Planning for Employment After the COVID-19 Pandemic

Planning for Employment After the COVID-19 Pandemic was originally published on Hospital Recruiting.

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The COVID-19 pandemic has affected people in every area of life across the country and around the world. Initially, many in the healthcare industry assumed that jobs in healthcare would be unaffected. Most healthcare jobs typically continue without disruptions, even in times of economic or social flux, and many in the healthcare industry did not expect the changes that have occurred in healthcare employment.

Those who are seeking a job in healthcare may be especially surprised by the effect that the COVID-19 pandemic has had on their job prospects. Many healthcare employers are not offering jobs during the national health crisis and may even be laying off their existing employees. Jobs in areas of healthcare that are considered elective may be especially impacted, with many of these areas being suspended in locations that are being impacted by the pandemic. While getting a job or changing jobs in the healthcare field may be especially difficult during this time, there are several considerations that people in these positions should consider.

 

Don’t Make Unnecessary Career Changes

Unless you encounter a unique opportunity that is better than your existing job, it is probably wise to not make any significant career changes during or immediately after the pandemic. Just as no one could have predicted that even ICU and ER staff would be furloughed or experience reduced hours in many locations due to the pandemic, no one can predict what will occur as the United States focuses on the new normal. A career change that does not guarantee continued security could be risky for those who are already established in a good job during the pandemic.

 

Consider Careers That are Less Affected by the Pandemic

Some areas of healthcare will continue to be widely utilized, even in locations where pandemic-related lockdowns are more restrictive. The area of healthcare that is least affected by pandemic-related changes seems to be labor and delivery. The need for healthcare professionals to safely deliver babies cannot be delayed, and jobs in this area have been less affected. ER and ICU are two areas that, while impacted by lower censuses, will still always exist, even when censuses are low.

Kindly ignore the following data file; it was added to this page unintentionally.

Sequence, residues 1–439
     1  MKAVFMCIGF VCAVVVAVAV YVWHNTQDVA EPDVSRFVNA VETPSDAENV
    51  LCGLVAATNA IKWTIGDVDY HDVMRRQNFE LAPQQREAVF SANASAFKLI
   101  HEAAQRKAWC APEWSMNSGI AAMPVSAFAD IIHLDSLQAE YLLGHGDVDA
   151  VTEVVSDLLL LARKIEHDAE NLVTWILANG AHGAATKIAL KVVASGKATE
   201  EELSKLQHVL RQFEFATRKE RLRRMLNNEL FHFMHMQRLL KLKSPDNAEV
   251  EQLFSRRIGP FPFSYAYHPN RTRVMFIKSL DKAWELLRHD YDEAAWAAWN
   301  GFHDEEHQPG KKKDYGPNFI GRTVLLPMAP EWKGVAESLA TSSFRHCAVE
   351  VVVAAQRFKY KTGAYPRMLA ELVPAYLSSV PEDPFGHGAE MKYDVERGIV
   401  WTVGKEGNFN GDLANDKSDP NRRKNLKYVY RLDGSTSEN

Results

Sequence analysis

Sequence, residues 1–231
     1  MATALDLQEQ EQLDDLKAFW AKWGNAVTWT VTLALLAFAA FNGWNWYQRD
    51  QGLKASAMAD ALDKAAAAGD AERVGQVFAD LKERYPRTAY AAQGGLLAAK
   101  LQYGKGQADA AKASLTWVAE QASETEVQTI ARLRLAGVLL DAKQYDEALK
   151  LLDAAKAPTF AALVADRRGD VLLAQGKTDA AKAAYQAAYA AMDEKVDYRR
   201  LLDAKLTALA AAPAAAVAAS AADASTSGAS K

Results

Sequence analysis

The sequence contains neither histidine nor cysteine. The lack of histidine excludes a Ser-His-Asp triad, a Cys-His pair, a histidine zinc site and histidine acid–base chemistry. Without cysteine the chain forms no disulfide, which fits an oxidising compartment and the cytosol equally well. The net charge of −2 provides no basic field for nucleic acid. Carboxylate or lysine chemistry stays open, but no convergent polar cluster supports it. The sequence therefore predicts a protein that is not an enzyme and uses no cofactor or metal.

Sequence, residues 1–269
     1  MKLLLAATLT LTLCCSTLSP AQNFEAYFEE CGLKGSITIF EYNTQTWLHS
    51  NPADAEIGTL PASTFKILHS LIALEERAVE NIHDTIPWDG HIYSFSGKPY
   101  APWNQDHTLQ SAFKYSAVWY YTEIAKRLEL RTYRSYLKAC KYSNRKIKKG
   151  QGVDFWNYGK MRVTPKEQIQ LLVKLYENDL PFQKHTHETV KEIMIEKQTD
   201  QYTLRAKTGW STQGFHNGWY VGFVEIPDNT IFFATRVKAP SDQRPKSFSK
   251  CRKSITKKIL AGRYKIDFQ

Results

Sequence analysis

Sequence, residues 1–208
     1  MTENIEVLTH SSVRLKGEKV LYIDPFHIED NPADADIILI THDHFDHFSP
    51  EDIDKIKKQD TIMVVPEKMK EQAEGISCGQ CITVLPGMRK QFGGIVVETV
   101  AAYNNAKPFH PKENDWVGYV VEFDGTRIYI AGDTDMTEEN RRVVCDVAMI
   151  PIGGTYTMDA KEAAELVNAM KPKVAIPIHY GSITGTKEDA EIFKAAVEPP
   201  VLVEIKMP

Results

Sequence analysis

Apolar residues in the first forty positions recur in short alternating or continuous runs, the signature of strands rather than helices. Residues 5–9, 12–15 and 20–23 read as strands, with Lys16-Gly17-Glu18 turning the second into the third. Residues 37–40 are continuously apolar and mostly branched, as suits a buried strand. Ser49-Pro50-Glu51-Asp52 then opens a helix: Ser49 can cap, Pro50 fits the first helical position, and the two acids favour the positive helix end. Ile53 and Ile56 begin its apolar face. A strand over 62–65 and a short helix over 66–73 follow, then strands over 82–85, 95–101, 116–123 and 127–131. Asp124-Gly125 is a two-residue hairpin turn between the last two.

Consider Locations Less Affected by the Pandemic

While career areas that are less affected by the pandemic may be a good consideration for those seeking a job in healthcare, looking into locations that are less affected may also be an effective strategy. Some areas of the country (typically more rural areas) have experienced fewer restrictions for a shorter period of time, allowing employers greater flexibility in offering employment.

 

Consider Looking for Jobs Created by the Pandemic

While the COVID-19 pandemic has suppressed healthcare jobs in many ways, there are some areas that may be stimulated by the pandemic. At one point during the height of the pandemic, travel nurses working in New York City could make more in a week than would typically be possible in a month. While this is an extreme case, there may be options for healthcare jobs that have been created or will emerge as a need as the pandemic continues to run its course. Even if a job is not created directly in response to the pandemic, it may lead to changes in demand in some areas.

 

Volunteer in a Pandemic-Related Healthcare Cause

If you are new to the healthcare field, building connections can help you to access better career advancement opportunities. While now can seem like a difficult time to land your dream job, you can use this time to build lasting connections that will benefit you in the long run. Volunteering to help at a hospital, to help with drive thru COVID-19 testing, or for other volunteer opportunities relating to the pandemic will help you to foster these valuable connections. Another benefit of volunteering for a COVID-19 related need is that it will help to make you more attractive as a candidate when you are applying to positions later.

 

Use Extra Time to Improve Your Value

If you have been furloughed, laid off, or even had your hours reduced, you can use this extra time to improve your value as an employee. This could include studying for an advanced certification, pursuing additional education, or even reviewing things that you already are familiar with, but may have changed. By using your extra time productively, you will have more value to your current employer or may have access to better career opportunities later.

 

While the pandemic has definitely changed the types of healthcare careers available and people’s ability to work, there are many ways that you can use this time to ensure your career is still on the best track possible to succeed.

 

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